Book Review: The Remola Flower: The Story of Creation Retold


Zahret El Rimola ("The Rimola Flower"), by Ihab Fawzy, Port Said: Al Weiheiby Publishing House, 2021.

Eternal questions like how did we come to life? Why are we on earth? What is the real story of our creation? Do we have a purpose in this life? These and many other existential questions have always been in the minds of philosophers, novelists and humans in general.

In his novel The Remola Flower, novelist Ihab Fawzy offers an innovative telling of the creation of man. The story begins with a meeting with the master. There are two classes in the master’s kingdom, the goods and the slaves. The slaves were degraded to that position because they used their minds trying to reach the truth away from the master. The good ones retained their favored status because they did not; they simply remained obedient. Starting the novel while avoiding the details of the sin that the slaves committed was a shrewd way to clear human conscious from guilt.

The slaves’ leader requests a meeting with the master, not apologising as he had been doing for ages, but proposing that the slaves be sent to one of the kingdoms that the master had already created. First, their memories of the master’s kingdom would be erased. Second, giving them instincts and desires in life would be the real test of their souls. Would they remain pure or become tainted? The leader argues that the good ones did not earn their status because they were not put to a test. Therefore, they too could join in the adventure as well, with the master’s permission.

This demand and the language used in this first chapter lead the reader right away to the creator’s court, where there are discussions between angels and the demons, which is a story that has been dealt with in religious books and in various novels over the years.

The beginning takes the reader by surprise; we realise that a different creation story is being told. The question in the back of our mind is: could this be the book answering the eternal question of how and why we were created? Did that novelist find inspiration that might explain the creation question?

An agreement is reached between the leaders of the goods and the slaves. Seven souls are sent to earth (three goods and four slaves) who will establish their own rules and discover the world through their built-in talent and intelligence.

Once on earth, they become separated. The writer skillfully explains how they use their senses to discover their surroundings, their bodies, and sex between male and female. Their lives seem eternal; unions between the chosen seven among themselves, and with their descendants increase their numbers. They establish the sea kingdom and the mountain kingdom. The geographical separation leads to the development of different rules and ways of lives. The first murder occurs and the concept of conspiracy and rebellion against authority, due to greed and power, happens in both kingdoms. Eventually – since memories of being created by the master were erased – gods of the river, the sea, the wind are created. In brief, human history begins.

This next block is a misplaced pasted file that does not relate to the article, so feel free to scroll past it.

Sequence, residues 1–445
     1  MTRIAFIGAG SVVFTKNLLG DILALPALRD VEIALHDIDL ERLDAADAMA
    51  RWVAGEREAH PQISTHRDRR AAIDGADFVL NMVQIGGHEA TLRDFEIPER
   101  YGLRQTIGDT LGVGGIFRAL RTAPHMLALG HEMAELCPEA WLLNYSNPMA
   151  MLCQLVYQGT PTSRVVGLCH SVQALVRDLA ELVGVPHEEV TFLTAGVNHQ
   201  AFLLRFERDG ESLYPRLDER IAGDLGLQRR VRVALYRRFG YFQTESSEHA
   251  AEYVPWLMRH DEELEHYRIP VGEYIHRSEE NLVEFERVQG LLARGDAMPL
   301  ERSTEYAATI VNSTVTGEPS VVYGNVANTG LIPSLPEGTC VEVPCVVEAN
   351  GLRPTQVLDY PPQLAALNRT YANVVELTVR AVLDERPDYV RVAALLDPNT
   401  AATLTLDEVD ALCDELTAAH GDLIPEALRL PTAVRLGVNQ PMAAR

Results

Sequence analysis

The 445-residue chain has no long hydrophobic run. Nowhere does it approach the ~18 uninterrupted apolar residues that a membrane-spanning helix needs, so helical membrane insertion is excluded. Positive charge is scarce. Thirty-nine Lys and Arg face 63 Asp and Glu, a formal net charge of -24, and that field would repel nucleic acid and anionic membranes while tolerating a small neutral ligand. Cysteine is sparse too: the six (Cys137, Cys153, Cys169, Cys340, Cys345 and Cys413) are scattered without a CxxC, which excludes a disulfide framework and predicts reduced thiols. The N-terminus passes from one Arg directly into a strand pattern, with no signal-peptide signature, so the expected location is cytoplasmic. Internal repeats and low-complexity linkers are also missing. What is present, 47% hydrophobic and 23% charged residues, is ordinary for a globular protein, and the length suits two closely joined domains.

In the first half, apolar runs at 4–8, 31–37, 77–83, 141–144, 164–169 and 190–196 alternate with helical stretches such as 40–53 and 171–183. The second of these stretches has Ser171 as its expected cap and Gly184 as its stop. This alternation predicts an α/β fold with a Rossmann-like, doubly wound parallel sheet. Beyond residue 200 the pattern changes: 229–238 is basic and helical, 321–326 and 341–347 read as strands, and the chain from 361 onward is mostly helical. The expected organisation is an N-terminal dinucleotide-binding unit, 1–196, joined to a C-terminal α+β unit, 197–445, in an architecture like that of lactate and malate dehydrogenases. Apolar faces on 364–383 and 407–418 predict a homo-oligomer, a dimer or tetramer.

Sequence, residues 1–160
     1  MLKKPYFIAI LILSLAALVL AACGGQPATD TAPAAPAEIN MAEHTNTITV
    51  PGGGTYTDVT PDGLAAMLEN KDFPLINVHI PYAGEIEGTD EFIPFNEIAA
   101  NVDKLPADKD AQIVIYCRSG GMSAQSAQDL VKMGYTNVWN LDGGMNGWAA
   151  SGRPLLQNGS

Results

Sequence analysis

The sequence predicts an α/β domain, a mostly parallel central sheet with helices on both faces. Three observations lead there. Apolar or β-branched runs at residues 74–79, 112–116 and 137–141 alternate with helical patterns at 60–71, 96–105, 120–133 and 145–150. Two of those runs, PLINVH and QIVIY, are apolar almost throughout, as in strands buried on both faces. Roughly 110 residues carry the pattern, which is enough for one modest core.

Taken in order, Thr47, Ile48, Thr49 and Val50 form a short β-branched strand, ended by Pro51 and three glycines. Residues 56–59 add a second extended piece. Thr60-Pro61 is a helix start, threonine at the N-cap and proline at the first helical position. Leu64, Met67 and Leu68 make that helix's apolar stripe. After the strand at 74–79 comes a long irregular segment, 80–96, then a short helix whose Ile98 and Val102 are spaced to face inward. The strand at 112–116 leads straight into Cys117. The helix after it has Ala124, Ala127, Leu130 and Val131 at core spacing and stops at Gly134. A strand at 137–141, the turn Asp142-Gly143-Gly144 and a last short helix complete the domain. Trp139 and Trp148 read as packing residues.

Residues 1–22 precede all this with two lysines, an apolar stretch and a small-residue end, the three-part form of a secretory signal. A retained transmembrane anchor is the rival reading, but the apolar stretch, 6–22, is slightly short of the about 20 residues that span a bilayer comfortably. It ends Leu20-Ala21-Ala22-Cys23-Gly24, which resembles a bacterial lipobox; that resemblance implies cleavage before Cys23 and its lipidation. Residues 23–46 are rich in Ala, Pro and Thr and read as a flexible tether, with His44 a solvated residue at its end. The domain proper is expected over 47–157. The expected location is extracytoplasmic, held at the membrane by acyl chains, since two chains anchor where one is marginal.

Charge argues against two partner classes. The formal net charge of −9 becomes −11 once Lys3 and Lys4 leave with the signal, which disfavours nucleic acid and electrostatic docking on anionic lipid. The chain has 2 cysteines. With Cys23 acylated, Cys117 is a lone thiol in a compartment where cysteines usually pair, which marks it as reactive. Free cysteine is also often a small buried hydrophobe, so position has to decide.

The long lives of the original seven (some live for nine hundred years), gives the impression that death was not part of the initial plan. Both leaders of the slaves and the goods kept consulting with the master and updating him on the developments of earth. The master gave them clear instructions not to interfere personally or through supernatural powers in life on earth.

By the middle of the novel, the master decides to go to sleep and we never hear from him again, a clear influence of Nietzsche’s philosophy with his famous quote that “God is dead”. In the novel’s context, the master left human development to take its own course.

This novel is the type where the reader needs a chart to keep up with the various characters, their descendants, their interactions with each other and their roles in human development on earth.

By the last third of the novel, the characters’ arcs get tangled with each other, especially since the writer chooses invented names that can pass for either male or female. The speed of the events adds to the confusion as well, a trait that occurs in all novels written in this style, where several generations of the same family are handled in one story.

Due to the long lives of the original seven souls send to earth, their characters are described in depth and their development is easy to notice. From not knowing how they came to earth to eventually forgetting the question to handle more pressing matters such as managing their lives on earth.

Since they had to learn how to use the elements in the environment, the reader can see how they discovered hunting, agriculture, fishing and fire and how these innovations helped build communities and kingdoms. The writer reveals that creating gods for the elements of nature was a way to split power between the rulers and the spiritual guides. In this early stage of humanity there was an alliance between both power and religion that contained the roots of governance and control of the masses.

The ending of the novel comes suddenly when the most loved character within the novel becomes the queen of a unified kingdom, bringing the hope of peace and prosperity to humanity. This is an optimistic notion that people all over the world are in need of. With this ending the writer classifies himself among the hopeful ones who still see a positive future for humanity.

The story of creation haunts us all and Fawzy gives a new version of it that is worthy, even if it is just from the imagination of a clever writer. His writing style intertwined with the nature of the subject keeps the reader interested until the last page in hope of finding an answer to the creation question. Bringing the master back to the scene would have been a great addition to the novel, but this will always be a strong step to take by novelists.